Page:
Why did you delete your defense of yourself?

Because people started using it against me. For example, the quote in the article [on former Gawker contributor Jeb Lund's blog, preserving an excerpt of the post] is taken out of context, because I went on to say that I never intentionally stole a tweet from any of my “heroes” but still the right thing to do would have been to ask their permission to do a tweet similar to theirs.

I also went on to share how the very first day I was publicly accused of stealing tweets happened to be the very first day our daughter with Dandy-Walker syndrome took her very first steps, and people said, and I quote, “I’m glad you’re daughter is fucked up like you” and “How horrible to use your family as a human shield.” So I took it down.

Do you think there’s an element of bias against Southerners or Christians at work here?

I don’t think it helps, for sure. “A pastor from South Carolina who stole tweets” is a much more compelling narrative than an “insurance salesman from Connecticut stole tweets.” Really, my goal here is to be the Mark Sanford of the Twitter world. Totally kidding.

I will say that it comes up pretty often in the insulting mentions and subtweets. …  Others have said that I’m homophobic. So yeah it definitely comes up.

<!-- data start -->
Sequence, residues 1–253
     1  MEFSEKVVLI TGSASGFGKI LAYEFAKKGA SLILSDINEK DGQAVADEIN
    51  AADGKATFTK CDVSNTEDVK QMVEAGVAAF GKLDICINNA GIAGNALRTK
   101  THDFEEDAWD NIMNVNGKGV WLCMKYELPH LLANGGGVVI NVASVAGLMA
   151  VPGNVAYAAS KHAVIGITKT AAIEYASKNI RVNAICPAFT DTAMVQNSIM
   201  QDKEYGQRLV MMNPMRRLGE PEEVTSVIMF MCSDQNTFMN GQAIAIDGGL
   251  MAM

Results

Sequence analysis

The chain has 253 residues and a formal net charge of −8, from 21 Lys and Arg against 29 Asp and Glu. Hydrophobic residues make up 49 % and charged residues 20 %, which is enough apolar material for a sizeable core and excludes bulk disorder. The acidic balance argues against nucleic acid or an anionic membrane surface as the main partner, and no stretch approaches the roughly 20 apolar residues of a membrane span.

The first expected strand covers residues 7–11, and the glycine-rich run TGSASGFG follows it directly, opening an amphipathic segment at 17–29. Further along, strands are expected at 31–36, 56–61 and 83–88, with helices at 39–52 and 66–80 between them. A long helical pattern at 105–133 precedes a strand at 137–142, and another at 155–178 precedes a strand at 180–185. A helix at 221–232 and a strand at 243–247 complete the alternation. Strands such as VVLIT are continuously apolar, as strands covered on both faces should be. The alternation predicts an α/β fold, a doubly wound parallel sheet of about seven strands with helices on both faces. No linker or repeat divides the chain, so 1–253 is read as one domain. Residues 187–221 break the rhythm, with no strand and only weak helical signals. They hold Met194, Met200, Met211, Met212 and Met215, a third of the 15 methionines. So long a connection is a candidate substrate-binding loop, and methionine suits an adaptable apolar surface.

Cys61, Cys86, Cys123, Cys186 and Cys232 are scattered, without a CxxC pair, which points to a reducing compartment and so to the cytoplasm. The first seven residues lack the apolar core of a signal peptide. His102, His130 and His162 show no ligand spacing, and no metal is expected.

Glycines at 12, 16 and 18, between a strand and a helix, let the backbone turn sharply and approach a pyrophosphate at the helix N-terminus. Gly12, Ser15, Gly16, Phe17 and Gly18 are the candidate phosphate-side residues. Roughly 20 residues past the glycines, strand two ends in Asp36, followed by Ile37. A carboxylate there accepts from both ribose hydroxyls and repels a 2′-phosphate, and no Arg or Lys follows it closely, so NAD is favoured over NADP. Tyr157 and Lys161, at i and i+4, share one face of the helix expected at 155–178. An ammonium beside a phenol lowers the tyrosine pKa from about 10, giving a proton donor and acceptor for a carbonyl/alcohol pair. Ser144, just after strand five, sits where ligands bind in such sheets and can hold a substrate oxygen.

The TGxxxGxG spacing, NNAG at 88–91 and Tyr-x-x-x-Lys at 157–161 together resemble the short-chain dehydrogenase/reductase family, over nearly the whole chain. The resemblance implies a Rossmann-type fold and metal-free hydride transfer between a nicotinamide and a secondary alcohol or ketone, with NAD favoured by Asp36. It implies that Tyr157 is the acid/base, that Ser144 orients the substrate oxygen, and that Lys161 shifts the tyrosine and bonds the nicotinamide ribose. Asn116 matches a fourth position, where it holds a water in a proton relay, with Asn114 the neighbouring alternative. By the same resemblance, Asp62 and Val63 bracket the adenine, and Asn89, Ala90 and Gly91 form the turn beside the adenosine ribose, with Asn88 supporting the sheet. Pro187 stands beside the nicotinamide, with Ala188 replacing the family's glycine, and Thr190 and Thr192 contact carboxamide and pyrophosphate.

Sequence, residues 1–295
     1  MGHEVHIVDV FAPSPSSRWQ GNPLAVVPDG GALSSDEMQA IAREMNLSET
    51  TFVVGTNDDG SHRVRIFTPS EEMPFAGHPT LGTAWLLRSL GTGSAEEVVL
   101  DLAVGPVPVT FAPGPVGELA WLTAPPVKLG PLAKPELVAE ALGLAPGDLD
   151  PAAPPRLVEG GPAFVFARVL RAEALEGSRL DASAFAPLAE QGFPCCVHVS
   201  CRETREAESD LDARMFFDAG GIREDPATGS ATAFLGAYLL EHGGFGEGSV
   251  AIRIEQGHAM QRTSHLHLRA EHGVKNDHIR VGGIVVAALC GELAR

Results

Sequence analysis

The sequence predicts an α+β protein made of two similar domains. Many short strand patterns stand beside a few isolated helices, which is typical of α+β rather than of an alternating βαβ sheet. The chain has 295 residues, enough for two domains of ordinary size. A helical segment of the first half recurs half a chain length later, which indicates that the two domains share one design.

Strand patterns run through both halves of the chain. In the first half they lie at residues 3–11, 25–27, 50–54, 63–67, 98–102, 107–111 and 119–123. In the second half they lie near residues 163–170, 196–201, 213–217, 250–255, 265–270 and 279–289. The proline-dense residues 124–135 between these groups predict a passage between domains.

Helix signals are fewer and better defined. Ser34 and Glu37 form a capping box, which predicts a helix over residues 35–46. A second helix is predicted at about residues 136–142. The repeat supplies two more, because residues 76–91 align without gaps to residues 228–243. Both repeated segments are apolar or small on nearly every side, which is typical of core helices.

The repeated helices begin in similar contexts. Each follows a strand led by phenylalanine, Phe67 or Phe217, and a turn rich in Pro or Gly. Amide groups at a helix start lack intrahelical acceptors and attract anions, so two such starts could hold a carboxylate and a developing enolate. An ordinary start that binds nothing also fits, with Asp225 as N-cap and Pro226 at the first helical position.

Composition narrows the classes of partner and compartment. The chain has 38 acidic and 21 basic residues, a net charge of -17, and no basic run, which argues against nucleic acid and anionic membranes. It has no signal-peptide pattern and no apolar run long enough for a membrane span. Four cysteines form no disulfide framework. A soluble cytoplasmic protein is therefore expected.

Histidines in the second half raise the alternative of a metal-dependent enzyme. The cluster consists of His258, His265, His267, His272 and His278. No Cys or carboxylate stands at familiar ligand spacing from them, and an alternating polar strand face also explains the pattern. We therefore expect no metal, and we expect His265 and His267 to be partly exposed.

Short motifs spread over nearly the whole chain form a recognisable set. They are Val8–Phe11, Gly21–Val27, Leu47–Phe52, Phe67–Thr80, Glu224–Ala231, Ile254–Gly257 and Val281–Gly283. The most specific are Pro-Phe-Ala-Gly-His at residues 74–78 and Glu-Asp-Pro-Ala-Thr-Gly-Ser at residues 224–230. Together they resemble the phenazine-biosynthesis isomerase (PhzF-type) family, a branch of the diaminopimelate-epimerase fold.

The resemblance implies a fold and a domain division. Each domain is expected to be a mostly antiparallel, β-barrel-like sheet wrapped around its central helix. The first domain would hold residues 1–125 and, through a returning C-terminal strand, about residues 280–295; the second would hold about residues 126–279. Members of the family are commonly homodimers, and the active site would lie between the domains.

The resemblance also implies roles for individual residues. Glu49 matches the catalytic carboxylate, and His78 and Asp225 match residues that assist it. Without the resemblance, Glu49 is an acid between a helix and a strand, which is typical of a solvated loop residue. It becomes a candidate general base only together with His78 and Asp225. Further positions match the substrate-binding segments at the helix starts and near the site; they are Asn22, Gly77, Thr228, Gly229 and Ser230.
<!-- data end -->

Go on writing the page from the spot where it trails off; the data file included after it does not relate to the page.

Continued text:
But a lot of people have been very hurt by the Christian church, and in particular by Southern white Christians, which makes me super-sad. Both because that’s not what Jesus is about, and because I don’t want to be a part of that.

Will you change anything about your tweets going forward?

You know, it’s a really weird thing to think about famous comedians being mad at you. I mean, Patton Oswalt is an extremely successful comedian with 1.3 million Twitter followers. I have around 130,000 and have made $0 off of my Twitter account. For him to tweet angry words about me is like Michael Jordan driving by an elementary school and deciding to go dunk on some sixth graders. It’s a completely bizarre experience. The Internet offers the unique opportunity to hate people you’ve never met.

So to answer your question, yes and no. I will probably tweet less, and I will be a lot more careful to make sure my tweets are clearly my own (get ready for even more repeats). I also think I’ve learned a lot through this experience. What I thought was riffing other people interpreted as ripping off. Fortunately we have a 100-year history of Twitter for me to learn from and apply lessons from. Have I made mistakes? Definitely, but at the end of the day, it’s Twitter. We’re arguing about the Twitter account of a pastor from South Carolina. Do I want to do a better job going forward? Without a doubt. But I’m not going to be the guy who googles every word of a tweet to make sure no one in the history of mankind has ever said anything similar. It’s living in the tension of “Thou shalt not steal” and “There’s nothing new under the sun.”

Daniel D'Addario is a staff reporter for Salon's entertainment section. Follow him on Twitter @DPD_